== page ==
In the 2012 election 28 percent of all disclosed political contributions came from just 31,385 people. In a nation of 313.85 million, these donors represent the 1% of the 1%, an elite class that increasingly serves as the gatekeepers of public office in the United States.
Compared to other big campaign donors, lobbyists spread their money around. And because they seek access to lawmakers to push for their clients’ interests, they give more of their contributions directly to candidates as opposed to party committees and super PACs. That’s according to a new Sunlight Foundation report on the lobbyists in the “one percent of the one percent,” the rarefied group of about 31,385 well-heeled insiders that give at least $12,950 to political campaigns. So what do these lobbysits want to get done? In particular, what about ones giving the most? Of all the players in Washington’s influence business, here is a list of the 10 who gave more than anyone else in the 2012 election. Continue reading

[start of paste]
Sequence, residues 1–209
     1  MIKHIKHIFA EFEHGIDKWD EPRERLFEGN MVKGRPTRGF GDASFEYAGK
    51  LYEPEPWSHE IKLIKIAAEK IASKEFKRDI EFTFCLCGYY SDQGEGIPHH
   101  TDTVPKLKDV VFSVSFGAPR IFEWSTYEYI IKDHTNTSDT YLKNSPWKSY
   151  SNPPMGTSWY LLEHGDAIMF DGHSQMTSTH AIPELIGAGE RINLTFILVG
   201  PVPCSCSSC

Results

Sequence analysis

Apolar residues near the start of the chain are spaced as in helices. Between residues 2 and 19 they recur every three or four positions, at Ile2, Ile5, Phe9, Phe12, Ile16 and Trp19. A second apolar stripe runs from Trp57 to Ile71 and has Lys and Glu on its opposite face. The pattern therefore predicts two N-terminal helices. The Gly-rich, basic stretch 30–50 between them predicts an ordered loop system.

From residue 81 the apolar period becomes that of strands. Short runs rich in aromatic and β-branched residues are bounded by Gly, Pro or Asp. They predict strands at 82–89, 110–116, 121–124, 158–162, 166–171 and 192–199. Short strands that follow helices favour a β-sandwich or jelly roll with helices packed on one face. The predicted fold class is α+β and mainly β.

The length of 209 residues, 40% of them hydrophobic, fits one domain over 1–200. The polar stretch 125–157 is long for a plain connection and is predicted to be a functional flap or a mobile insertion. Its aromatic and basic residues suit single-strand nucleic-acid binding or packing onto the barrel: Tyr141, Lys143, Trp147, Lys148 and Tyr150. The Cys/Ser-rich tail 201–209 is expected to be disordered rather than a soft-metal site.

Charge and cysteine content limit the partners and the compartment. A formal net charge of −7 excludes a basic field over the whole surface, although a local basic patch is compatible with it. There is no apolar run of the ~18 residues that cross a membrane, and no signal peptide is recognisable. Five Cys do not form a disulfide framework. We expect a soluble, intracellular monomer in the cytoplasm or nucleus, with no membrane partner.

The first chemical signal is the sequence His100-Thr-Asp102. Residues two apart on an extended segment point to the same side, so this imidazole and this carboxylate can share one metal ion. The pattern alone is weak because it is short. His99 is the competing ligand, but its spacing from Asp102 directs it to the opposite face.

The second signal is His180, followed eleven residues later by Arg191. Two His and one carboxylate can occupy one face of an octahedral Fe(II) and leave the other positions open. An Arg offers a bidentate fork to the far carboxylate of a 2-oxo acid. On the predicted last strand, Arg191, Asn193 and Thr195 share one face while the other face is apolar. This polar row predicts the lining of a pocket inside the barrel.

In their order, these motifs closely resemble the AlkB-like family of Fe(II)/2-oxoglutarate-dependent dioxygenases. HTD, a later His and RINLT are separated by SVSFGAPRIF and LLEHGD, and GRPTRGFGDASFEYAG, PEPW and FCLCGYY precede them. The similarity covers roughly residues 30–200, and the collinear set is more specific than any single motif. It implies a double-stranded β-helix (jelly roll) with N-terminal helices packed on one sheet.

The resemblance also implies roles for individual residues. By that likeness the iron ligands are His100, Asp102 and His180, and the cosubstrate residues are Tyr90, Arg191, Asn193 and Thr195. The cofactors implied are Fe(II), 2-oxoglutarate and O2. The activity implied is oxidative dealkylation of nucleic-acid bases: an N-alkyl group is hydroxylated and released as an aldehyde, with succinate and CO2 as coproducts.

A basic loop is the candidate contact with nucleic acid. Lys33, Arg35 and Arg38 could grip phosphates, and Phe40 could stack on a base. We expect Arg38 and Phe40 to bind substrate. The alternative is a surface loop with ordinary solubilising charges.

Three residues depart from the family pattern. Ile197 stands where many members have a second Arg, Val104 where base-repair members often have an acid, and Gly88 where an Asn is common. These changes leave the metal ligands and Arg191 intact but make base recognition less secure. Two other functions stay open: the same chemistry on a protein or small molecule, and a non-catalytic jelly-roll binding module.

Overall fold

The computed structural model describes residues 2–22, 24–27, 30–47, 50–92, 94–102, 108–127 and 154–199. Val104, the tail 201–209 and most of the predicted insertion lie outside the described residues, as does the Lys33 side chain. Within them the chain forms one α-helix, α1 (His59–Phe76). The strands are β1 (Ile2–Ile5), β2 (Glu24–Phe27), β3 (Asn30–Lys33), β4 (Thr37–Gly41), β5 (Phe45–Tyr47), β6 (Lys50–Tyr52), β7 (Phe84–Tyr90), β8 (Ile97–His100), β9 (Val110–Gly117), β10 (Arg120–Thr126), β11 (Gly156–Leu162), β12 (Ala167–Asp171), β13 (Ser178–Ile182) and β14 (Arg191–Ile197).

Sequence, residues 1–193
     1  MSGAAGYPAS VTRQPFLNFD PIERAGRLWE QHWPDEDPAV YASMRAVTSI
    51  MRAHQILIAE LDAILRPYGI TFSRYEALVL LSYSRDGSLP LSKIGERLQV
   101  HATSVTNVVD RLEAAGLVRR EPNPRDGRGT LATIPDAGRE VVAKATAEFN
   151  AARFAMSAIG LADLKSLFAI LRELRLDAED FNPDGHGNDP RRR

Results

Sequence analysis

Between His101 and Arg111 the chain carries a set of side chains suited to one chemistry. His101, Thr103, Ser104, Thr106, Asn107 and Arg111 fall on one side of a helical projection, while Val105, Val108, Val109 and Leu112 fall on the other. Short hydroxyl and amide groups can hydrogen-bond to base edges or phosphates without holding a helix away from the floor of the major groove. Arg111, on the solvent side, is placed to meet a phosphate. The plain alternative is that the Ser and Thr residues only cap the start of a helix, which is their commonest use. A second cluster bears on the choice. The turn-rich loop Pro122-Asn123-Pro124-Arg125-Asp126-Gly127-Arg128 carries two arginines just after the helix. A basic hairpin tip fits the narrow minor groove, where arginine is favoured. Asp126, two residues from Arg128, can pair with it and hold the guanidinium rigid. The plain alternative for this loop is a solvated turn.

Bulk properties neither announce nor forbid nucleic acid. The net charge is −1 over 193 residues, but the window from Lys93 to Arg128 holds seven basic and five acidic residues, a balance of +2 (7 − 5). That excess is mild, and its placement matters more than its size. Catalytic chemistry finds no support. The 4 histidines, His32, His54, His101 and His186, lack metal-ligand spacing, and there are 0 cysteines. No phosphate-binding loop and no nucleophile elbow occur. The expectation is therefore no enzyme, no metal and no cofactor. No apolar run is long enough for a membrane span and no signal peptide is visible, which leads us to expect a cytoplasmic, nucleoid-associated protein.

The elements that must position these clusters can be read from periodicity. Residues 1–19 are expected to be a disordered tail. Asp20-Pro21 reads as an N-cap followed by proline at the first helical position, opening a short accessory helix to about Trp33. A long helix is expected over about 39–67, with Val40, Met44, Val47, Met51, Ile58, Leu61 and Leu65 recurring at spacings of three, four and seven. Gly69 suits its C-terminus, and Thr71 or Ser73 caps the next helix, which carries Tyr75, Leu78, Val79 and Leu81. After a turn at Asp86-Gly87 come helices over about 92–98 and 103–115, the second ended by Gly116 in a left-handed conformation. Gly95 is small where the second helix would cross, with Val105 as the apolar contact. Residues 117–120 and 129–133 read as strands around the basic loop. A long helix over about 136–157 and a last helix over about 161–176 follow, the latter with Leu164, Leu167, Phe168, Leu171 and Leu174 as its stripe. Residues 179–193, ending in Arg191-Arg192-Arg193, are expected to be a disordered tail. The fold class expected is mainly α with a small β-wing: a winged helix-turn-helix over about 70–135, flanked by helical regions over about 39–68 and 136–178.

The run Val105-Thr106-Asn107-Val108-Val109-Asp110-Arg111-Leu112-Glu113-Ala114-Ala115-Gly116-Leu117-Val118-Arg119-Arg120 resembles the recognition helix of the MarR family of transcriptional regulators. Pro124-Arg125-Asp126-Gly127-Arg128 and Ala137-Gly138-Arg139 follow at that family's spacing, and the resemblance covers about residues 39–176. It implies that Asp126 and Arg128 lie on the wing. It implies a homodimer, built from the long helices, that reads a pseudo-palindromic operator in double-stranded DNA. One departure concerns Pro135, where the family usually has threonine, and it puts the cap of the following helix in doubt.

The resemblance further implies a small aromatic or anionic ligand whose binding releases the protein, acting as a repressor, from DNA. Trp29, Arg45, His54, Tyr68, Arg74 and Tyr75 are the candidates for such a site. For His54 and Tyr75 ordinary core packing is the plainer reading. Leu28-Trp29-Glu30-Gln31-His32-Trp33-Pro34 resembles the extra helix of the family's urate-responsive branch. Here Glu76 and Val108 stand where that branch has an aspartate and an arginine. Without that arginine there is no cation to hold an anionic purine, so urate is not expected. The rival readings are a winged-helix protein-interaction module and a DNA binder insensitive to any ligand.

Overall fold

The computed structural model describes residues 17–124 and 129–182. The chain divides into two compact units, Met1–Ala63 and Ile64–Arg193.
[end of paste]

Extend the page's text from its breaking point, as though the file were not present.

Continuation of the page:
While the U.S. Supreme Court has now upheld the health care reform law as constitutional, conservative groups still are on a legal attack on the constitutionality of one of the other signature achievements of President Barack Obama’s term in office: the Dodd-Frank financial reform law.
Last week, C. Boyden Gray, an eminence grise of conservative Washington, along with the Competitiveness Enterprise Institute and the 60 Plus Association, filed a lawsuit in U.S. District Court to challenge the constitutionality of Dodd-Frank, joining the Texas-based community bank, State National Bank of Big Spring. While the Dodd-Frank has been under ...Continue reading